As I’ve mentioned many times, I take great pleasure in the fact that I strive to learn at least one new thing every single day. However, ironically enough, I learn daily about the vast amount of knowledge I have yet to learn. It’s exciting and challenging, yet sometimes frustrating. I value the experience and opportunity more every day.
Upon completion of my “Tennis Shoes & Blue Jeans” creativity seminar among the beautiful Black Hills of South Dakota, I shared a great early dinner followed by a very unexpected but pleasant surprise. I was treated to a personally guided tour of several historic landmarks by a few very well-informed local residents.
I returned to Mount Rushmore to discover that it had changed drastically since my last visit well over a decade before. In fact, a $52-million investment has totally transformed this national treasure. Attractive new roads leading to the monument set the stage for what awaits the 2 million visitors who arrive annually. A futuristic visitor center, museum, enormous gift shop filled with a vast conglomeration of treasures, two 125-seat amphitheaters, the Grandview Terrace, the Presidential walking trail and boardwalk, the sculptor’s studio and the beautiful Ponderosa pine forests left me with memories I won’t soon forget. When the lights came on at dusk, I found myself speechless. They were so lifelike I almost expected George, Tom, Teddy and Abe to start harmonizing from their lofty perch.
I remember learning about Mt. Rushmore in school, but listening to locals share their knowledge with such deep pride and true respect certainly overshadowed book learning by far. I was fascinated to learn:
- Why Gutzon Borglum, the sculptor, chose Washington (Father of our Country), Jefferson (Declaration of Independence), Roosevelt (The New Deal) and Lincoln (abolishing slavery) as the subjects of his colossal carvings.
- That well over 400 workers assisted Borglum as he created each of the 60-ft. images.
- The entire memorial covers 1,278 acres and is 5,725 feet above sea level.
- The carving started in 1927 and ended in 1941 — 14 years!
- How the name “Rushmore” evolved. I was surprised to learn the mountain was named after a New York City attorney. Charles E. Rushmore was sent out to this area in 1884 to check legal titles on properties. On his way back to town he inquired as to the name of the mountain. He was told by a local authority that “the mountain never had a name, but from now on we’ll call it Rushmore.” I certainly never read about that in school!
- That the heads were originally created in a different order than we see them today. Jefferson was initially positioned where we now see Washington on the far left. Borglum wasn’t satisfied with the “look” so had the entire face dynamited away. He started again placing Washington in the first position.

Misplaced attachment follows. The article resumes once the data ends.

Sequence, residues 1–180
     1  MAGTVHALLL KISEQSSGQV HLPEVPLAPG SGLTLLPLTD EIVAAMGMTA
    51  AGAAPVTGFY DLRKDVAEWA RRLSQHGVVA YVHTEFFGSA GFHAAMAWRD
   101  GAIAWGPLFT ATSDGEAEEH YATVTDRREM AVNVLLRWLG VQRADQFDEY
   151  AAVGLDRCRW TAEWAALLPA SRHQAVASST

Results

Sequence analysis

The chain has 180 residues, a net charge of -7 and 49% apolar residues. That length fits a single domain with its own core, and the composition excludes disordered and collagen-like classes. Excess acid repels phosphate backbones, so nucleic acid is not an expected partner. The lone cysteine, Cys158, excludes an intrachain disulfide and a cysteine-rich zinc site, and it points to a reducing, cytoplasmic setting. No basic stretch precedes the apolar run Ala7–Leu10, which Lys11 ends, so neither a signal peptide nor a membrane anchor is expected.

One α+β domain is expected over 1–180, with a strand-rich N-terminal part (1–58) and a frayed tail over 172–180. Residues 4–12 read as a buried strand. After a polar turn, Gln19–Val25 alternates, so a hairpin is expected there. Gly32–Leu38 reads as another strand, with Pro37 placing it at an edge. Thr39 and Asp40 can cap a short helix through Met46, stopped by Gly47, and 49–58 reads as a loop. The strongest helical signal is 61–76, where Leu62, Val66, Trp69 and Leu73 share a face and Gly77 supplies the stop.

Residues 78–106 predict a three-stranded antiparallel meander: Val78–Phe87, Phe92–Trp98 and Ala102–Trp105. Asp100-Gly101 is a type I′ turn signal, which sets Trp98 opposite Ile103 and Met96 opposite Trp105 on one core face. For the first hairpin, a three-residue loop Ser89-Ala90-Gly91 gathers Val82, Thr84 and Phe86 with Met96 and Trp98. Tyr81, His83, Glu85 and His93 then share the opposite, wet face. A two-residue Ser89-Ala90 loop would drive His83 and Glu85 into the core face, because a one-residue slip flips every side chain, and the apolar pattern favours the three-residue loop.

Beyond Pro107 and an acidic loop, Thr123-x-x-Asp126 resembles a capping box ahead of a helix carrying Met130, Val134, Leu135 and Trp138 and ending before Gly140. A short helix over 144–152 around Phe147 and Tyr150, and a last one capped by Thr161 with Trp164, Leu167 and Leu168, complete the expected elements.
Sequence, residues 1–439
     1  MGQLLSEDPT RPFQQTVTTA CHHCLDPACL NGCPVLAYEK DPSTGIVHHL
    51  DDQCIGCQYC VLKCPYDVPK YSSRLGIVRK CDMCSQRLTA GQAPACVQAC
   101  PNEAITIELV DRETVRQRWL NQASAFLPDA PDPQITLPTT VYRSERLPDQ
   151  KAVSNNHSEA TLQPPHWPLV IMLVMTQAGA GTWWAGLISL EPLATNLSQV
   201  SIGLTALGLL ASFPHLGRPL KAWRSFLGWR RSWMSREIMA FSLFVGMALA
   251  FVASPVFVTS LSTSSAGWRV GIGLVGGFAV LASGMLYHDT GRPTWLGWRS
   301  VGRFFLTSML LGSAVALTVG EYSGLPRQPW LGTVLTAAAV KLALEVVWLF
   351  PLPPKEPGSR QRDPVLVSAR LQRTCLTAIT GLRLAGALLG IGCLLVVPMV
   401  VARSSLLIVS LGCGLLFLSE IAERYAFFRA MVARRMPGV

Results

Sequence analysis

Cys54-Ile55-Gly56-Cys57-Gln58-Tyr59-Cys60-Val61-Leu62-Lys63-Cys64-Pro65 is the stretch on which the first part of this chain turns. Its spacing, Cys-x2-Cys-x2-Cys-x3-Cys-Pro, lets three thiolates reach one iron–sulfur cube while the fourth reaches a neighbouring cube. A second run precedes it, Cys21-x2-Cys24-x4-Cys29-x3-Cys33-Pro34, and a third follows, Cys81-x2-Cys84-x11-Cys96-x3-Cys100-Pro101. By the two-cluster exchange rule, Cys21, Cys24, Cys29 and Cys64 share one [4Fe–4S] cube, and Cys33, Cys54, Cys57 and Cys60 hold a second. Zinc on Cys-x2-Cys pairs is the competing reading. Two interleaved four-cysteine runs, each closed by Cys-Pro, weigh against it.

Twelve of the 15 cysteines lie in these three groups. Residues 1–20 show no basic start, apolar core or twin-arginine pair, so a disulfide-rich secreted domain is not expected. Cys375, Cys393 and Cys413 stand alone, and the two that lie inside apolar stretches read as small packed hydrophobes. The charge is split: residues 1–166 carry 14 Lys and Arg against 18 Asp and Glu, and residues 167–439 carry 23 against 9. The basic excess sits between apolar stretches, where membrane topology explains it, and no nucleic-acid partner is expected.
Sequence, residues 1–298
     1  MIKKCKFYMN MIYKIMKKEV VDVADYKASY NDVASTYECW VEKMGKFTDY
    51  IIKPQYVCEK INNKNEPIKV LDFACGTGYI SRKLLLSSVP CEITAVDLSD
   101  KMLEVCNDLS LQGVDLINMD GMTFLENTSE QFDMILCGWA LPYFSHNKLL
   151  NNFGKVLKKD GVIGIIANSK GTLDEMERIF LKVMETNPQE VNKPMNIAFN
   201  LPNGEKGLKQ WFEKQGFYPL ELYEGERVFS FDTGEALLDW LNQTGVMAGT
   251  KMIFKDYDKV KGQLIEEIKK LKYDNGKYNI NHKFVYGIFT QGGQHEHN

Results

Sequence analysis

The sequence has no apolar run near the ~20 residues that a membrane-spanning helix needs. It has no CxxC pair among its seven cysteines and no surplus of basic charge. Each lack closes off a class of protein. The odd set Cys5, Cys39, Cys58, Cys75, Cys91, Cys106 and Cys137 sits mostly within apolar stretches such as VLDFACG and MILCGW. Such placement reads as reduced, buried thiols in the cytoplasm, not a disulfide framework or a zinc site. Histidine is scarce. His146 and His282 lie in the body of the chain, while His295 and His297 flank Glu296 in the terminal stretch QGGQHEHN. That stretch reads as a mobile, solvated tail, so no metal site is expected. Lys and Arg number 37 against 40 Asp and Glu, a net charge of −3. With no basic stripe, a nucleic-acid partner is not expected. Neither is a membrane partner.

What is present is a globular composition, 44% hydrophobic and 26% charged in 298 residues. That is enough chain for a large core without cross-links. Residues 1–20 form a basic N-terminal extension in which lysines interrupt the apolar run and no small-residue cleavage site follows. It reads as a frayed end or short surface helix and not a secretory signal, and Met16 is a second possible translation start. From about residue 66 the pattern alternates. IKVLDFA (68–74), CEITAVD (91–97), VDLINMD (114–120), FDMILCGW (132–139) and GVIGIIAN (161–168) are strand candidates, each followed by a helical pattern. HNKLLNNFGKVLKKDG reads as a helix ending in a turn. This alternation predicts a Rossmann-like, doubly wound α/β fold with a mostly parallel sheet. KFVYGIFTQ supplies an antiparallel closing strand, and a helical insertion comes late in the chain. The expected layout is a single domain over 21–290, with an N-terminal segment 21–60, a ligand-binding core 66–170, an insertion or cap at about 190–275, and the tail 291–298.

After my congenial guides tore me away from this breathtaking experience, we traveled about 12 miles down the highway to visit the Crazy Horse Memorial, home of the world’s largest mountain sculpture in progress. I thought Rushmore was enormous and it was. I’m not certain how to describe the enormity of this monument, which came into view long before we entered the compound. Sculptor Korczak Ziolkowski began the project in 1948 at the request of Lakota Chief Henry Standing Bear and other Native American elders. Korczak died in 1982. His wife, Ruth, and some members of their family continue the project, working with the nonprofit Crazy Horse Memorial Foundation.
This mountain monument, named after the Oglala Lakota (Sioux) warrior Crazy Horse, appears in the form of the head and torso of the famed warrior riding a horse and pointing into the distance. The monument has been in progress for almost 60 years and is still far from completion. I found it intriguing that this project will not be completed in my lifetime! When it is finished, it will be the world’s largest sculpture!
In the foreground is a 1:34 scale model denoting the appearance of the finished product. The actual partly-carved sculpture is seen in the back ground.
The memorial’s visitor complex includes a 40,000 sq. ft. welcome center and theaters, the Indian Museum of North America, the Native America Education & Cultural Center, the sculptor’s log home studio and workshop, indoor and outdoor galleries, museum gift shop, restaurant and snack bar areas and an expansive viewing veranda.
The memorial will be the icon of a huge educational and cultural center, which will include the University and Medical Training Center for the North American Indian and the Indian Museum of North America. Visualize an entire university campus at the base of this Thunderhead Mountain monument.
Interestingly though is the fact that this massive project is very controversial within the Native American community because many feel that the whole idea of making a beautiful wild mountain into a statue of a single warrior is a pollution of the landscape. Some say it is against the very spirit of Crazy Horse.
After leaving this second awe-inspiring spectacle, we visited several other local tourist attractions, which I found very appealing. I’ll spare you those details as my point here is not to attract tourists to the Black Hills but to share my revelation that there are so many untold treasures awaiting our discovery if and when we’ll simply put forth the effort to recognize their existence.
If you ever get the opportunity to visit South Dakota, you’ll want to make certain to visit the Rapid City – Keystone – Custer area to take in the variety of picturesque tourist attractions. You’ll find them both educational and entertaining. Oh, by the way, bring plenty of cameras, film, children, grandchildren and friends. Hopefully, you’ll bump into a few local residents who will share their history, tradition and pride, which will make your visit as memorable and truly unique as mine.